A Glimpse of Trust

A Glimpse of Trust

Iraq.  I’m sitting in a small room, barefoot, legs folded beneath me on a patterned cushion against a cool, barren wall.  A woman sits across from me, tries to smile as she sips her tea. She wears a traditional middle eastern robe but her headcover has been removed.  Her dark hair hangs free and tumbles over her blackened eye.


I’m covered in dust but happy to be out of the jeep where I’ve been wedged between two Freedom Shield Special Forces guys for the past three hours, an AK47 machine gun on the floor at my feet.  We’ve passed through security checkpoints, had guns pointed in our faces, been searched twice. All in a morning’s work to get to this sprawling refugee camp that houses some fifteen thousand displaced Yazidis, almost entirely women and children.


I don’t go anywhere alone.  The Freedom Shield guys won’t allow it.  Three of them are here in the room with me now, including a six-foot seven Australian Special Ops guy who goes by the name of Romeo.  He never leaves my side. Ever.


“This is what ISIS did to my children,” says the woman.


Her 15-year old son lies in the fetal position facing the wall and sucking his thumb.  He hasn’t moved since we got here and he doesn’t make a sound. Her daughter, 13, sits in a corner and rocks back and forth, rhythmically, robotically, eyes unfocused.  She’s beautiful and emaciated and she hugs her arms tightly around her little body as if trying to hold herself together. She’s in another world.


But the one that breaks my heart is the little boy.  He’s only 7, with big dark eyes and a beautiful mass of tousled hair, a living angel come to earth.  Except that there’s dried blood around his mouth and on his sleeve. And he constantly hits himself in the head and face.


“The blood, it’s from his tongue.  He won’t stop biting it,” she says.


I look around at the horror before me.  This is what’s left after ISIS was pushed back, after my guys recovered the remainder of this family from a three-year nightmare of terror, of violence, of physical and sexual abuse.  The guys themselves are silent, capable and dangerous men rendered helpless in the face of this reality.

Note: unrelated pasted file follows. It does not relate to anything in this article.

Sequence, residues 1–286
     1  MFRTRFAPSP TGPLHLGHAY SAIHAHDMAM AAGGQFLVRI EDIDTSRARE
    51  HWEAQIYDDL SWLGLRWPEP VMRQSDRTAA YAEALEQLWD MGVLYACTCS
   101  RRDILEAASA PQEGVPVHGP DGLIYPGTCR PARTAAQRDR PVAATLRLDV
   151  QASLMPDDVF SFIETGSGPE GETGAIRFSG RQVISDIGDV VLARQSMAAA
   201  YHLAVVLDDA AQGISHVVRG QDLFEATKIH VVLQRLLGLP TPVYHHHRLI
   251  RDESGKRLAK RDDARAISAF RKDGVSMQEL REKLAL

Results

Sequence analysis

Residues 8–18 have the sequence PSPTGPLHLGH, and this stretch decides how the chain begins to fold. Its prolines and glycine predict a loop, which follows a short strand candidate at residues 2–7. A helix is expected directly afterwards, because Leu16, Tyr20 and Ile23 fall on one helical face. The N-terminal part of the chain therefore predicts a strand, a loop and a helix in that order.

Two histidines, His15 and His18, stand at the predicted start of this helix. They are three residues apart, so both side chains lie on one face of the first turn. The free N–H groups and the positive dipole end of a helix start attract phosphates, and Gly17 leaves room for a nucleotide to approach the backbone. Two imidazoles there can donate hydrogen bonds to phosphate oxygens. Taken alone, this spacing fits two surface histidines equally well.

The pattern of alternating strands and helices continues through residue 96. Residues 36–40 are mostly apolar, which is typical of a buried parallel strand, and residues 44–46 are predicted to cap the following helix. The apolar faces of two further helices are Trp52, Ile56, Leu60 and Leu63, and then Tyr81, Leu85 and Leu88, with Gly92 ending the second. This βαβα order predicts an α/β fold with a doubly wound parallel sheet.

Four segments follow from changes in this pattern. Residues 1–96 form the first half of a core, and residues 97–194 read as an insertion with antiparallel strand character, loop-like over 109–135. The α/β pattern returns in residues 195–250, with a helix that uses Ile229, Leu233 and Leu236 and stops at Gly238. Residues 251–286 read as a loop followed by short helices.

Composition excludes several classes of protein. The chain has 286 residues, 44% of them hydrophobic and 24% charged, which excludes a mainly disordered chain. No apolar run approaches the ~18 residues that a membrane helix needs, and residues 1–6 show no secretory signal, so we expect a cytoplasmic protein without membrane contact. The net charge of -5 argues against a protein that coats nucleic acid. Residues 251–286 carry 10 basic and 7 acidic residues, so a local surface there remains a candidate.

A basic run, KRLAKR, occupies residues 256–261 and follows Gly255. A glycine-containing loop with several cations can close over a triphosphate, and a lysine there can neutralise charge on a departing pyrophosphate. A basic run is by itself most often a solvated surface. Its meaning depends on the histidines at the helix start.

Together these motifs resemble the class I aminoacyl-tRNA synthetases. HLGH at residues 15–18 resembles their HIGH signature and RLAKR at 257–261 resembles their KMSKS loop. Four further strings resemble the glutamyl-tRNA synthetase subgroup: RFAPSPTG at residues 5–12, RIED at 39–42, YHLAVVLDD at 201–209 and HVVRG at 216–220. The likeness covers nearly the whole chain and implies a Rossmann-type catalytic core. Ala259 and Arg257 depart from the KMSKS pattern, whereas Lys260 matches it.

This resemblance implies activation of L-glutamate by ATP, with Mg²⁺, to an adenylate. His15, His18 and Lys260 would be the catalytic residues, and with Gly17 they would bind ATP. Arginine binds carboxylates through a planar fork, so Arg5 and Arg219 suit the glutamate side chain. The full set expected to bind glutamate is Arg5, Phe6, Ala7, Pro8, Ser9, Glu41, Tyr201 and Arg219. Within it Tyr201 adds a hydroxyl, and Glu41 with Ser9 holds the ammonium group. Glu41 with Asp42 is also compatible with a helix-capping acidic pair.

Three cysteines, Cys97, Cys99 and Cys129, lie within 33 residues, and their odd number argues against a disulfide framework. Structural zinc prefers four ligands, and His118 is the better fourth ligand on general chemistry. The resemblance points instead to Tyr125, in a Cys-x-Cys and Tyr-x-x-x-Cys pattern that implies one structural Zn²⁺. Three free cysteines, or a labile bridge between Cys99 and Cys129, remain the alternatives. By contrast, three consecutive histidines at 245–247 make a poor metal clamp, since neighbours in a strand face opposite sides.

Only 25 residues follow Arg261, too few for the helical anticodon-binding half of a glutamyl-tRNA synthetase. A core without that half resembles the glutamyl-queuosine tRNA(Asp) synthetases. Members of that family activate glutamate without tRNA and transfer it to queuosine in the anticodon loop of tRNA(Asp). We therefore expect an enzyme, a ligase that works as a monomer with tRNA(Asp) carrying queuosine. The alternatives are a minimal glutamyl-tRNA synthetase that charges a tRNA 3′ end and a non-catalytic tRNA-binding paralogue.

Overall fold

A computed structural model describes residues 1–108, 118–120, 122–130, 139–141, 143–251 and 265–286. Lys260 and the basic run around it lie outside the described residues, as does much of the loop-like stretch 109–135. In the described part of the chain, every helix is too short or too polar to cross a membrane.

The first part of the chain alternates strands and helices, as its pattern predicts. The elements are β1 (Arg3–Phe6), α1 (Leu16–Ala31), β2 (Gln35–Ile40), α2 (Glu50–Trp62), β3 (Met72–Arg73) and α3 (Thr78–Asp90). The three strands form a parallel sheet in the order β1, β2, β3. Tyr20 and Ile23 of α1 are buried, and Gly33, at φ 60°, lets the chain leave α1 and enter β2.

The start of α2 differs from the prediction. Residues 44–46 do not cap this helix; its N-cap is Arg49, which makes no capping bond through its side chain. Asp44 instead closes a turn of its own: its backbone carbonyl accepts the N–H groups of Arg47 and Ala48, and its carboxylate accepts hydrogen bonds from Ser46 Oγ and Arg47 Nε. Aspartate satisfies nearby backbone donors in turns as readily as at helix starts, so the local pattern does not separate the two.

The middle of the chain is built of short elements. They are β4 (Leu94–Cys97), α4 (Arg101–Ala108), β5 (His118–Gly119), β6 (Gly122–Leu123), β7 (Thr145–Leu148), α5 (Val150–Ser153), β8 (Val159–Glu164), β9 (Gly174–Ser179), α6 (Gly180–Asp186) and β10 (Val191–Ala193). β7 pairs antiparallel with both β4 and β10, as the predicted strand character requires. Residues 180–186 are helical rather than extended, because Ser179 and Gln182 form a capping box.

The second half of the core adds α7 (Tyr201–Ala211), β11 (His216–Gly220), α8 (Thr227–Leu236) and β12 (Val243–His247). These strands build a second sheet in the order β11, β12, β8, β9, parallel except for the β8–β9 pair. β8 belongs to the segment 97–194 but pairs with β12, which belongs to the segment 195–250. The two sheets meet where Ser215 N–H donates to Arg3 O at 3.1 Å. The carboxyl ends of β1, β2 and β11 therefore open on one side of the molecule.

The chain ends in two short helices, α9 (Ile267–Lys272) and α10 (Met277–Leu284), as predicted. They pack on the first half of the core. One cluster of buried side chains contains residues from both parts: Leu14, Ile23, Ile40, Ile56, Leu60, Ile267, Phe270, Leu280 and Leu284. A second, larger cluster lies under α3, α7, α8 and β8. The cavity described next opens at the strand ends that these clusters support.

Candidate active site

The woman and I stir our tea and talk for a bit.  I’m lost in her pain and the sadness in her eyes. She’s been through hell and watching her children suffer through it with her has made it exponentially worse.  It’s almost impossible to imagine.


I feel a hand on my shoulder.  I follow Romeo’s eyes to the little boy who is on his feet and slowly backing toward us.  He keeps his eyes on the floor and talks to himself between self-inflicted blows to his face.  What’s fascinating is that he never looks in our direction.


The room goes quiet.  His mother glances up and covers her mouth in amazement.  This is a seven-year old child and he can’t even make eye contact.  After a few stumbles he backs straight into my lap and sits down. He folds his hands and snuggles into my chest, closes his eyes and just breathes.


I am stunned and grateful and overwhelmed.  I carefully put my arms around him and realize that he’s no longer mumbling, no longer hitting himself.  He just is. And suddenly the tears are streaming down my face. I look up and his mother, my guys, all of them are wiping their eyes.


“He trusts you,” she says.  And she smiles.


Trust.  It’s a tiny first step.  But at least it’s something.


What can we build from that?  What can we do right here, with this single devastated family?  Or with this camp of 15,000 horrifically brutalized women and children?  Or with this community of 150,000 whose homes and cities and lives have been so utterly destroyed?


I don’t know, I’m only one woman.  So I hug this child and smile through my tears.  I’m in way over my head. But isn’t that how change begins?

–       Carrie G., Iraq, July 20, 2018

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